Monday, February 25, 2019

Waking TO Doctrinal Amnesia?: Why the Trust Clause is Theology and What Will Happen if it Disappears

The 2019 called session of the General Conference of the United Methodist Church is underway. While the premise behind the conference--and the Commission that preceded it--involves maintaining as much unity as possible in a church with significant disagreements about human sexuality, much of the conversation of General Conference surrounds the concept of a "gracious exit." Before I talk about my significant concerns about this concept, let me offer a bit of background.

At present, all property is held in trust for the denomination by what is known as the "trust clause." This clause has, throughout history, kept many individual congregations and annual conferences within the fold of the United Methodist Church. As Lovett Weems reminds us,
Were it not for the property trust clause, virtually every white United Methodist church in Mississippi would have left the denomination in the 1960s. This is not hyperbole. It is reality. I was there. Today those churches are among 1,000 churches led by an African-American bishop that contribute significantly to the rich diversity of United Methodism.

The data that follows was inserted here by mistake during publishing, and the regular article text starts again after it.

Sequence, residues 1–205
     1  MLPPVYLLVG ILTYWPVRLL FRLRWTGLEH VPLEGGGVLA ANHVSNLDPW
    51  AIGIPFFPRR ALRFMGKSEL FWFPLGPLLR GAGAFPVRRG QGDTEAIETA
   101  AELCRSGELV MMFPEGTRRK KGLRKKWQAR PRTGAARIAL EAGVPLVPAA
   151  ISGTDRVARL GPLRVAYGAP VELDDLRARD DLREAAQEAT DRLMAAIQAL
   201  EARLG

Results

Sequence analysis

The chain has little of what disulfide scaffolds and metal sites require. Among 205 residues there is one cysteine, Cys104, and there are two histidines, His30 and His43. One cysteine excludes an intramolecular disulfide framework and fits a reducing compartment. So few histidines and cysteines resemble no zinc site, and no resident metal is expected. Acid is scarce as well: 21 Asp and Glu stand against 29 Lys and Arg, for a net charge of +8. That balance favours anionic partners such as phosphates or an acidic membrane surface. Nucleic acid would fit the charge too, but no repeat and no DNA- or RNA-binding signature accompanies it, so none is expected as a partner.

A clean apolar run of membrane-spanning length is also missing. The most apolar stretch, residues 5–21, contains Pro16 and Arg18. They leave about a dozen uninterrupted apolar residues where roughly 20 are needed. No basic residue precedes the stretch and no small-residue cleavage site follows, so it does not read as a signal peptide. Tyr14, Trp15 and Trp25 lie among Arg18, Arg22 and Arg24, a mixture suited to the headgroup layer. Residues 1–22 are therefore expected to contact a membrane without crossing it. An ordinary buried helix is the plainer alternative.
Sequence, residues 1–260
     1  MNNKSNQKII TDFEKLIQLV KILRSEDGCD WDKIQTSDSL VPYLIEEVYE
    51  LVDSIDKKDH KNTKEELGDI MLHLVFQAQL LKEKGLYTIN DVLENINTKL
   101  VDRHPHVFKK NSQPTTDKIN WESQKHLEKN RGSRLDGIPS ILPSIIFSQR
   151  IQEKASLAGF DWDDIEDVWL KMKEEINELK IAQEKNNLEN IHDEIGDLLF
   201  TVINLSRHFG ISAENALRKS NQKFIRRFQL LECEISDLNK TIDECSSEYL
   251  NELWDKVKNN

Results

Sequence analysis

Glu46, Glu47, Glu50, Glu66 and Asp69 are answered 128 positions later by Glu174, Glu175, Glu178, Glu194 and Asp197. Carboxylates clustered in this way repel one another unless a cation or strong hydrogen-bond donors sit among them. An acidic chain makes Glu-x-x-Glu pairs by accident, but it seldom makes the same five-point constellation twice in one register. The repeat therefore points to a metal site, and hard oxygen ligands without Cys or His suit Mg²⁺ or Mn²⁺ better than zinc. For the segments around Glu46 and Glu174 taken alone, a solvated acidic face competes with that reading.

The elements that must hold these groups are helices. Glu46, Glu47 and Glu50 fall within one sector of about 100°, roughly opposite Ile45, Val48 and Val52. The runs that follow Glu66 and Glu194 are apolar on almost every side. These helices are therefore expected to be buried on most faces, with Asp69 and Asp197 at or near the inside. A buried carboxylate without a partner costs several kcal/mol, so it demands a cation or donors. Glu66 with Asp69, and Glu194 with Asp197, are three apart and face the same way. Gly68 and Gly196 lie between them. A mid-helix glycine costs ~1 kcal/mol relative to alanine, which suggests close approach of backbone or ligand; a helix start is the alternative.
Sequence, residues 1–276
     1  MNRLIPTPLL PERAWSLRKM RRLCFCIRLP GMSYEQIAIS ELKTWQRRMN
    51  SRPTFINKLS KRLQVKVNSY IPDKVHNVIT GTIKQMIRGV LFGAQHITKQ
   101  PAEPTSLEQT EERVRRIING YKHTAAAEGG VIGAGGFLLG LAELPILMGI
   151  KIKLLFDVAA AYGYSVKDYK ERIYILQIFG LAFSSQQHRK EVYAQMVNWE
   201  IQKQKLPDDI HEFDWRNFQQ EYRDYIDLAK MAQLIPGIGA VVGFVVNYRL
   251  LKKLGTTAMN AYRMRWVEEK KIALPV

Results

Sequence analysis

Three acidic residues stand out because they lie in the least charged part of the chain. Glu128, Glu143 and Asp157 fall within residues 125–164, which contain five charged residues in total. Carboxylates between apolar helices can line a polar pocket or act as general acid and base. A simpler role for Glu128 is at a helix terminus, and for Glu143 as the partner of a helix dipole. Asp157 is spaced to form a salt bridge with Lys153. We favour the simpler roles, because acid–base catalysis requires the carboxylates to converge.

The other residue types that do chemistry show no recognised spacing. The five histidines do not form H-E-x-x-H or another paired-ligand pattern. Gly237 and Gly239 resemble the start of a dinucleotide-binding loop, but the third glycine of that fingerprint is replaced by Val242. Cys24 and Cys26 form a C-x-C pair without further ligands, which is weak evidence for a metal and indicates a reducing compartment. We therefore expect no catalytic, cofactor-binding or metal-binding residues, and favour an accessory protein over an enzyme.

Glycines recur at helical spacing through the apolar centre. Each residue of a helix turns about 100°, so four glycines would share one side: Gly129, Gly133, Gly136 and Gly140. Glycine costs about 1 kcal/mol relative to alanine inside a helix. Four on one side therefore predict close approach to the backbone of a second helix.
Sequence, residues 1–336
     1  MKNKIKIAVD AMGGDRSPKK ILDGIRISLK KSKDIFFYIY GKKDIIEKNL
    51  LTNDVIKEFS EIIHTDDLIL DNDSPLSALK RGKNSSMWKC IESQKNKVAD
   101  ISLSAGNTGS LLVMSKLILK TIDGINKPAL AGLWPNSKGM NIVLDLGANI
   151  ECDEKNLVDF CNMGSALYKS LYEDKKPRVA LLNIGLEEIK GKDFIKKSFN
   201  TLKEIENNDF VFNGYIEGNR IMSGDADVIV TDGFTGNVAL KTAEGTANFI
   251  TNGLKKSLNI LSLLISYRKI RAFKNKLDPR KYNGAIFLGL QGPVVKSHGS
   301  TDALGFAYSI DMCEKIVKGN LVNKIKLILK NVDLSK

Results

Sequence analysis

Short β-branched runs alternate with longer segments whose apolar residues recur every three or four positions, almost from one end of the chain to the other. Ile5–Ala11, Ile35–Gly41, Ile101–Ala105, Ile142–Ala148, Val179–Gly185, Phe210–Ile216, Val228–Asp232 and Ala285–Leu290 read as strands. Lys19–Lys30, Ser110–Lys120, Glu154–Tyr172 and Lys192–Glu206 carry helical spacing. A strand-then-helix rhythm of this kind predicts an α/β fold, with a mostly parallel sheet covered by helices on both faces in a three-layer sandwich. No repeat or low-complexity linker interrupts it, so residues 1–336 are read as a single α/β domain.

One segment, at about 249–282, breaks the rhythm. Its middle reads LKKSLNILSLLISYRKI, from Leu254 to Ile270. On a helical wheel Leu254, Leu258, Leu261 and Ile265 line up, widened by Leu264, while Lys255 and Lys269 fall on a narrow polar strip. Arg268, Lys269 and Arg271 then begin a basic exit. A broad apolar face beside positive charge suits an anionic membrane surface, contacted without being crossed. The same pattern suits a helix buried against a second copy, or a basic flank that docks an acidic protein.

"Gracious" or "graceful exit" is language that has been used to describe proposed legislation that would lower the threshold for a congregation or annual conference to leave the denomination (and in some cases, change the body responsible for approving such an exit). The thinking, as I understand it, is that whichever direction the denomination goes this week and beyond, there will be those unhappy with the direction and/or unwilling to remain United Methodist. A "gracious exit" plan would allow congregations or conferences to leave, either to become independent entities or to join with other congregations and conferences to form a new, autonomous denomination. While there are varying standards of how these congregations would leave (involving various thresholds for congregational votes and different amounts of money that congregations would need to pay to the denomination), the basic idea is that churches could leave the denomination by paying their share of unfunded pension liability, however such a thing may be calculated.